Source: kingmagu.blogspot.com/2014/04/cbr6-book-31-changes-by-jim-butcher.html
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review 2014-04-13 00:52
#CBR6 Book 30: "The Glass Casket" by McCormick Templeman
The Glass Casket - McCormick Templeman

Rowan Rose lives in the little village of Nag's End with her father. Like her father, an experienced scholar, Rowan enjoys assisting him with translations and is proud of her achievements. Five soldiers ride through the village on their way up the mountain, and some days later, are found horribly killed by the men of the village. In a journal left by one of the soldiers are the words: "It's starting.". The elders of Nag's End declare the deaths the result of an animal attack, but not everyone is convinced. Among them is Rowan's best friend, the innkeeper's son Tom. He's clearly affected by the dead men, and reluctant to tell her about what they found. He's also clearly smitten with the new girl in the village, the distractingly beautiful Fiona Eira, who Rowan's father has forbidden her to ever speak to. Rowan is sad to see her best friend drifting away from her, but also wants nothing more than for him to be happy.


Soon it's obvious that whatever killed the soldiers in the mountain was not a wild animal, and the death toll in the village keeps going up. Rowan keeps having vivid nightmares that seem connected with the lurking horror spreading in the village. Tom is acting more and more strangely and together with his brother Jude, Rowan tries to investigate the cause.


The Glass Casket contains influences from a number of fairy tales, and much of it feels like it could have been written by the Brothers Grimm. The atmosphere of the distant little village in the mountains of some central European Medieaval kingdom is superstitious and oppressive and it's clear that unorthodox thinking and progressive ideas are not particularly welcomed. Strangers are distrusted, as evidenced by the arrival of Fiona Eira and her step-parents. Decisions that go against the wishes of the elders are practically unheard of. A woman has little to no independence once she is married, she is her husband's helpmeet and aids him and his family. This is one of the reasons Rowan doesn't really want to get married, she loves her translation work and dreams of travelling to the capital, where her father once lived.


Rowan has known Tom all her life, and while she knows his mother would be delighted if they were to marry, she loves him only as a friend. His older brother Jude has always unnerved her. She is slow to accept his help, but once tragedy strikes in the village, Tom gets more and more distant. He seems to stay out in the woods all night and Rowan begins to fear that he is somehow connected with the tragic deaths that have struck the village. Her father has always kept himself and his daughter apart from a lot of the traditional beliefs of the other villagers, and as the increasingly more terrible events unfold, Rowan begins to discover that there are reasons for this.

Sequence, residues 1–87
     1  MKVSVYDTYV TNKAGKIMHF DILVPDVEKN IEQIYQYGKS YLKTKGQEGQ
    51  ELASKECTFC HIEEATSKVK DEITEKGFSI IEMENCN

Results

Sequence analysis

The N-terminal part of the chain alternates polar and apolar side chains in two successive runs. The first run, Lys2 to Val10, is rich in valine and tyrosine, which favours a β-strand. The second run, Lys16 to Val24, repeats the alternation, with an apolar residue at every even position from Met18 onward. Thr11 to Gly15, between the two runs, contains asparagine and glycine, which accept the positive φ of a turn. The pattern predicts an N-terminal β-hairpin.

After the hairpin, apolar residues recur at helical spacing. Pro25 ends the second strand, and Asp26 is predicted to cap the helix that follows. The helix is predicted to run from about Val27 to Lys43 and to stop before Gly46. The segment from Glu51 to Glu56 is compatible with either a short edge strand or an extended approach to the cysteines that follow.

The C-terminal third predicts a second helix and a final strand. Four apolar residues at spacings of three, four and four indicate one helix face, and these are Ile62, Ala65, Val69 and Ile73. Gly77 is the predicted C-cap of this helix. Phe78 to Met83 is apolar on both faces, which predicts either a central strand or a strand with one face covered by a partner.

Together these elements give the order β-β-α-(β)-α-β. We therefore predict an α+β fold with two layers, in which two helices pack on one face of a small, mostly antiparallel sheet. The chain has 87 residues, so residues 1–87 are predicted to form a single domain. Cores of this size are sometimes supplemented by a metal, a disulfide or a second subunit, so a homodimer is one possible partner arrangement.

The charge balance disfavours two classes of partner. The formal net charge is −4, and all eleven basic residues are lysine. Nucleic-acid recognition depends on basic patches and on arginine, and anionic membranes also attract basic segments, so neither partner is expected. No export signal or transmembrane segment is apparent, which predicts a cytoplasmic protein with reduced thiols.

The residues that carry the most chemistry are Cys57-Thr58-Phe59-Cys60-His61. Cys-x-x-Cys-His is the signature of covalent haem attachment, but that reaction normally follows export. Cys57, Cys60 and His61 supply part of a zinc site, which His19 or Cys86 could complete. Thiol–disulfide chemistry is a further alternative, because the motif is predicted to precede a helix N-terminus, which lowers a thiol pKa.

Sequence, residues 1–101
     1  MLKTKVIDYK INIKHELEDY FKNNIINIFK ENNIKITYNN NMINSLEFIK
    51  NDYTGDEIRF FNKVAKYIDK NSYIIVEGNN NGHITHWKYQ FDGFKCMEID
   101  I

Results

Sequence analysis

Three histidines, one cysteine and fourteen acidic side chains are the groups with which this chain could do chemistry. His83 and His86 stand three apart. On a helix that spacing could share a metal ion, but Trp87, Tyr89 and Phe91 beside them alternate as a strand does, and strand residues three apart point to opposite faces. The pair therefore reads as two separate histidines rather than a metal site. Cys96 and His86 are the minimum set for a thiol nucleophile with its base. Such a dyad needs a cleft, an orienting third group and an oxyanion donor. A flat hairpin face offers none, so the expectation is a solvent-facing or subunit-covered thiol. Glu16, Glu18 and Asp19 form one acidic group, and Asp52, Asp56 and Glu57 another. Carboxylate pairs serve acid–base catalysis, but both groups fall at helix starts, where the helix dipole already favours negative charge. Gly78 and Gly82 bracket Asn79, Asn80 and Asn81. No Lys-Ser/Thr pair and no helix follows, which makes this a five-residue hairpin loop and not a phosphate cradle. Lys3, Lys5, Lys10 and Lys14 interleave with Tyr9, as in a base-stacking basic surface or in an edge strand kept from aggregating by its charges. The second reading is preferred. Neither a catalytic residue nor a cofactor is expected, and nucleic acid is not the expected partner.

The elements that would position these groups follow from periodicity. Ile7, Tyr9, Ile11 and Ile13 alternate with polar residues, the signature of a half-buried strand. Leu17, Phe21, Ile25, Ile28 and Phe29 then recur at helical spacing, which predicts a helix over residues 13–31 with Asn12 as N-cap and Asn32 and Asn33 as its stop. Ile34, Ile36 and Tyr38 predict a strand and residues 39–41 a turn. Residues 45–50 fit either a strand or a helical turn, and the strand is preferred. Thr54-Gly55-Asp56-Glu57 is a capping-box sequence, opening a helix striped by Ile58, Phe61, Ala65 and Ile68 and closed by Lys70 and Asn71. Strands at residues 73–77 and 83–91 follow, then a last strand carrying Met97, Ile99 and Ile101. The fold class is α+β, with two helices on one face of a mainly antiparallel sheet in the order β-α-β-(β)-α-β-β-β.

This is not a perfect book, by any means, but it is a very creepy, at times surprisingly gory young adult book book. I thought the loyalty and affection between Tom and Rowan was great and I appreciated how Rowan wanted to break out of the more traditional feminine roles of her society, but not in a way that felt anachronistic or wrong for the time period the book is set in. There are so many different things that unnerved me about this book and I have to admit to staying up far too late into the night just to finish it. The various twists that are introduced towards the end of the book didn't all work that well, in my opinion, but on the whole this was a very satisfying and scary read that I suspect a lot of teen readers will adore. 

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review 2014-03-27 17:21
#CBR6 Book 24: Hero by Alethea Kontis
Hero - Alethea Kontis

Saturday Woodcutter believes she is the only one of her many siblings without any magic, until the day when she throws a mirror out of the window in a rage, and conjures an ocean in the backyard. Because one of her brothers has run away and Saturday believes her ocean may have drowned him, she grabs her trusty axe (which has decided to change shape into a sword for the time being) and sets sail on her sister Thursday's pirate ship in order to try to locate him again. She's abducted by a giant bird and taken to an icy cave, towards the top of the highest mountain in the world. The blind witch there isn't actually all that skilled at magic and was attempting to kidnap Saturday's eldest brother, the adventurous Jack Woodcutter, who's the man who stole the witch's eyes in the first place.